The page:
It’s amazing the amount of video games (especially independent video games) which are let down horribly by bad voice acting.

Voice acting is imperative to a believable game. Unless a game has been created using motion capture then a character’s voice is the only part of a game that is genuinely real. A character’s body is created from pixels or polygons, gameplay is code, backgrounds are pieces of art. . . it is only the voice that is genuinely alive.

Game developers need to truly utilise the unique power of voice actors in bringing a game to life because, as all good developers know, the key to any story drive game is believability.

Sadly, you can’t just hand a voice actor a page full of lines and ask them to read them. Doing so will invariably result in bad acting. You could have Daniel Day Lewis reading your lines, but if he doesn’t know the character and story, if he doesn’t get the game, even he will not be able to bring a character to life.

Game developers generally don’t have much experience in working with actors. Even AAA titles have at times shown a lack of understanding about how an actor works.

So, how exactly does a game developer direct   an actor in a way that creates a believable, living performance? These are the keys:

How to help a game’s voice actor achieve a good performance

1: Give them the script early: This should be obvious, but it’s amazing the amount of developers who don’t do it. An actor must have the entire script of a game at least a few weeks before recording. The actor needs to be able to get into the mind of their character, and that takes time. Oh, and don’t ever give them only their lines, which is something many developers do. An actor has to understand their character in regards to the story as a whole.

2: Shown them everything you have on the character: For a performance to be believable the actor needs to be able to match their voice to the image (including the movement) of the character. Show them art, show them animations, show them everything you have on the character.

3: Do not EVER ask a voice actor to record their lines alone: Voice actors need people to bounce their lines off of, and its best they have another actor to do that with. Again, this should be obvious but some developers just hand an actor a bunch of lines and expect results. Give your voice actors a stage to work on and other people to work with.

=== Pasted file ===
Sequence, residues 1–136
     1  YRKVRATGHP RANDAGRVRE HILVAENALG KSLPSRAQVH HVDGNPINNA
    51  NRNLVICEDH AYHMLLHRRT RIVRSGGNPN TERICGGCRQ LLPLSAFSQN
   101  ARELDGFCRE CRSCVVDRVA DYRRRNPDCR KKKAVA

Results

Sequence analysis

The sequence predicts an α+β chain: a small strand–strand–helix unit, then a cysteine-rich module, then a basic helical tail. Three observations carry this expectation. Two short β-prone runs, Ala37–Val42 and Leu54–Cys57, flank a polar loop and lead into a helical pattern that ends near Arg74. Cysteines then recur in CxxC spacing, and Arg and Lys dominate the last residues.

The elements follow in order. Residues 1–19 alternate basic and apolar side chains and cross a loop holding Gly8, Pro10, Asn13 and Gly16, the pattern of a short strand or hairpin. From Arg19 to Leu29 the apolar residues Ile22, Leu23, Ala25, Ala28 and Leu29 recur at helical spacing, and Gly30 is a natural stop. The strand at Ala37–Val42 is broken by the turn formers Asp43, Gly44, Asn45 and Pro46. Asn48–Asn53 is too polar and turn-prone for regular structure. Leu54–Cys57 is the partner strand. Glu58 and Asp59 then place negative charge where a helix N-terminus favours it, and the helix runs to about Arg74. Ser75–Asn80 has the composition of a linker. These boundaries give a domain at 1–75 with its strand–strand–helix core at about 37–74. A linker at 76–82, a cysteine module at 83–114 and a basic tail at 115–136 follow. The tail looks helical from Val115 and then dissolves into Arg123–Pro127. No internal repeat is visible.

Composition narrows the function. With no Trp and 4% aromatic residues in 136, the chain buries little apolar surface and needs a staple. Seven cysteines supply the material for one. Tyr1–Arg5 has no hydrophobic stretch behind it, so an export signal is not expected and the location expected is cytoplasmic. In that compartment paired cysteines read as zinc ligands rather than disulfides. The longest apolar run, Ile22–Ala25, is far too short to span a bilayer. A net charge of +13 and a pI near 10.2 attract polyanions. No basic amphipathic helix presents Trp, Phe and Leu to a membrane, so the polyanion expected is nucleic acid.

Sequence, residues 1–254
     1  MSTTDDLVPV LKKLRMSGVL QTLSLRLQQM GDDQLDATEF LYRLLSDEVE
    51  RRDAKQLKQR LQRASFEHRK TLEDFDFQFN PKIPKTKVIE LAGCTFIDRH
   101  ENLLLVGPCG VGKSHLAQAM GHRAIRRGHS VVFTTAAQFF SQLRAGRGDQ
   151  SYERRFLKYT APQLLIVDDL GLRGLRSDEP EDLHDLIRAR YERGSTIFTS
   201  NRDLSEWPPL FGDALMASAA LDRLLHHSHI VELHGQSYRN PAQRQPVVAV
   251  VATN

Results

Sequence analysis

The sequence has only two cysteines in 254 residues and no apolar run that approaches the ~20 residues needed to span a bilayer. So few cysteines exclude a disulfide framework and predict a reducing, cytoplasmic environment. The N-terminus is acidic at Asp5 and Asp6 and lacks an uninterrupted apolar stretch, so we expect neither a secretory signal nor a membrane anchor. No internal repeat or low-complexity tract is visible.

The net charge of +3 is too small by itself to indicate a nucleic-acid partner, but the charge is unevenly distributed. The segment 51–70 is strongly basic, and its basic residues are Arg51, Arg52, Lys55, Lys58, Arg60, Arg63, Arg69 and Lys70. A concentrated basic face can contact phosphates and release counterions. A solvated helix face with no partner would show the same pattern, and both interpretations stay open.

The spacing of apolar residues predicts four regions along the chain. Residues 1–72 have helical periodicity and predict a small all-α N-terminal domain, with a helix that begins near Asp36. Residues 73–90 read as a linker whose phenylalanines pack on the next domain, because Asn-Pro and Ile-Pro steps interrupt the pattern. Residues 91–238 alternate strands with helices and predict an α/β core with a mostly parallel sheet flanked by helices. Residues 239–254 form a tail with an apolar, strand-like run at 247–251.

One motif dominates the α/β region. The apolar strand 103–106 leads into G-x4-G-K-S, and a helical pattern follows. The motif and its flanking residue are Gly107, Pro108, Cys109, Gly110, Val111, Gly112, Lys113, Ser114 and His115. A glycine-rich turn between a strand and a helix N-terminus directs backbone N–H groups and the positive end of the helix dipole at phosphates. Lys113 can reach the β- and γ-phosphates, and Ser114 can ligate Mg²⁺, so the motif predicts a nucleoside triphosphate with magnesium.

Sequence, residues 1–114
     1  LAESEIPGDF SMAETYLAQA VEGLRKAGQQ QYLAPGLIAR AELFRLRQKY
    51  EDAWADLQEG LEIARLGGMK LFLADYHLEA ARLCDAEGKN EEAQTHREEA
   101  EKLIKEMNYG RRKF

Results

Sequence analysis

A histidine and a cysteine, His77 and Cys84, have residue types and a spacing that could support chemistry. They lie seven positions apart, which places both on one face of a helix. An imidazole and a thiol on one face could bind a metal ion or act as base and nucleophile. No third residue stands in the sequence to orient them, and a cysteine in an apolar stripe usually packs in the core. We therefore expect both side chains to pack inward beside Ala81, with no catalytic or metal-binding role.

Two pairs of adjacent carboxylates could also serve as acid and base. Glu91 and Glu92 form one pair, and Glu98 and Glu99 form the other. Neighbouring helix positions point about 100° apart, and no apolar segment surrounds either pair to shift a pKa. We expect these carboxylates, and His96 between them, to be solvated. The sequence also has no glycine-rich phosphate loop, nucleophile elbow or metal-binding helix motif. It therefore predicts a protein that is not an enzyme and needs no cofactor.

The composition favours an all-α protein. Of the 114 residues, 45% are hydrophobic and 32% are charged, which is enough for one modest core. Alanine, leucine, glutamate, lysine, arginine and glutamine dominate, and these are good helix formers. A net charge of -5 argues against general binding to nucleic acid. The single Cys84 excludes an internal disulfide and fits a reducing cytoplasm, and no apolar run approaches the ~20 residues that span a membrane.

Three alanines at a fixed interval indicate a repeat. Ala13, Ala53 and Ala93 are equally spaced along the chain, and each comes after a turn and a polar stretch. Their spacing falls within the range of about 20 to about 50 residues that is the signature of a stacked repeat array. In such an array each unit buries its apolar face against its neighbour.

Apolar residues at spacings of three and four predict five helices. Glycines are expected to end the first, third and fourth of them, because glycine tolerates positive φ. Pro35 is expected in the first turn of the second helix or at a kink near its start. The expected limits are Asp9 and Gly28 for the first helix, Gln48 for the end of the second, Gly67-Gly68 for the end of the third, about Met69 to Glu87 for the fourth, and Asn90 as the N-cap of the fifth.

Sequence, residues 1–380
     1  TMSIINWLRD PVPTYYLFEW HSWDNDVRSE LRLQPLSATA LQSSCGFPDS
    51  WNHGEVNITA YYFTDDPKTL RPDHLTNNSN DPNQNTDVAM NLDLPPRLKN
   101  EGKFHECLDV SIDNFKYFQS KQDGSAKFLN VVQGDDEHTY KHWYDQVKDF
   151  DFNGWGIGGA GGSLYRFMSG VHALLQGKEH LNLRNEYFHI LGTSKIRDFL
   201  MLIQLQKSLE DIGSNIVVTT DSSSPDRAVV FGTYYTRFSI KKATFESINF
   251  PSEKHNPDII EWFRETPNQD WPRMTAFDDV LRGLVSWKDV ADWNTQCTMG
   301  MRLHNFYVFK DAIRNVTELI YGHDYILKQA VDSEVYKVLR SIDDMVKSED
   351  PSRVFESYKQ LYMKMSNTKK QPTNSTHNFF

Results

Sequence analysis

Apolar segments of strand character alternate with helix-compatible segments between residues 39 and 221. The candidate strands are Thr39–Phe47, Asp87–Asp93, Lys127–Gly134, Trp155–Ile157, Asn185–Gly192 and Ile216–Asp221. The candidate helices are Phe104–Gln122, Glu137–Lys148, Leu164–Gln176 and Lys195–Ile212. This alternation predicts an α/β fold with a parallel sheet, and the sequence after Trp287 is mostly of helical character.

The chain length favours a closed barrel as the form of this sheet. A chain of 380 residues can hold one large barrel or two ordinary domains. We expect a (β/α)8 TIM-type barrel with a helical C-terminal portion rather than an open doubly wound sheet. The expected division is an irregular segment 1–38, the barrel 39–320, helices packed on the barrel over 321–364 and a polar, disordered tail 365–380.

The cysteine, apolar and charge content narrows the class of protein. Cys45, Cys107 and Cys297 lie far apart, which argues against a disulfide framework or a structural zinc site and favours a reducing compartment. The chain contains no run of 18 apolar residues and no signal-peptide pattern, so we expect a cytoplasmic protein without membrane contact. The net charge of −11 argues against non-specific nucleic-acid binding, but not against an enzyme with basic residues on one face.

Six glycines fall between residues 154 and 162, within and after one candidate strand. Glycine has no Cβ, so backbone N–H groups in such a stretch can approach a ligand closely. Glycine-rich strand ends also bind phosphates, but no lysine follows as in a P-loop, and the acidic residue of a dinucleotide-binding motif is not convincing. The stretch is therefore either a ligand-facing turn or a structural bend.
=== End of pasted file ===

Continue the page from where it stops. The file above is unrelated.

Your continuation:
4: Discuss: The actor must have access to other creative types who are working on the game. All art is collaborative. Put the actor in contact with other artists and with a director, allow them to discuss the game and the character in depth, this helps them to understand both the character and the vision of the game as a whole.

5: Time: Time can be short especially if you’re hiring a studio. But if you want the best results you need to give your actors time to warm up and time to get into their role.

6: Allow spontaneity: Spontaneity is hugely important to an actor. The reason is simple: spontaneous actions that arise unscripted come from natural impulses, and “natural impulses” is practically another word for “realistic.” If an actor changes a line a little, be flexible, if it felt right to the actor it probably sounds right in the game.

7: When recording allow build up: If you have one line left to record, or if you for some reason want to record lines separately, don’t. You’re asking a heck of a lot of an actor if you expect them to say one line out of the blue and make it a) realistic and b) fit with the rest of the game. An actor needs to build up. If you want to record one specific line, start recording at least a couple of minutes before that line to let the actor get into to.

Finally, if you really really want believable voice actor work there is one way to achieve it with even amateur actors: record the whole thing in one take. It’s a challenge, to be sure, but actors (generally) work good under pressure and most would rather have one performance of an entire story than fragmented lines here and there.


More than anything, what creates a good voice actor is allowing them to be a part of the game. You shouldn’t ever hire in a voice actor, have them read lines and expect a good result. Actors and all artists will work better when they are a part of the creative process. Invite their imagination, get them actively involved, give them creative freedom and you’ll have a great performance.



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Paul Harrison

Paul M Harrison is an entertainment journalist, novelist, and blogger, and a specialist in the theory of storytelling. Paul Harrison can be contacted via his personal website or on Twitter or Facebook.


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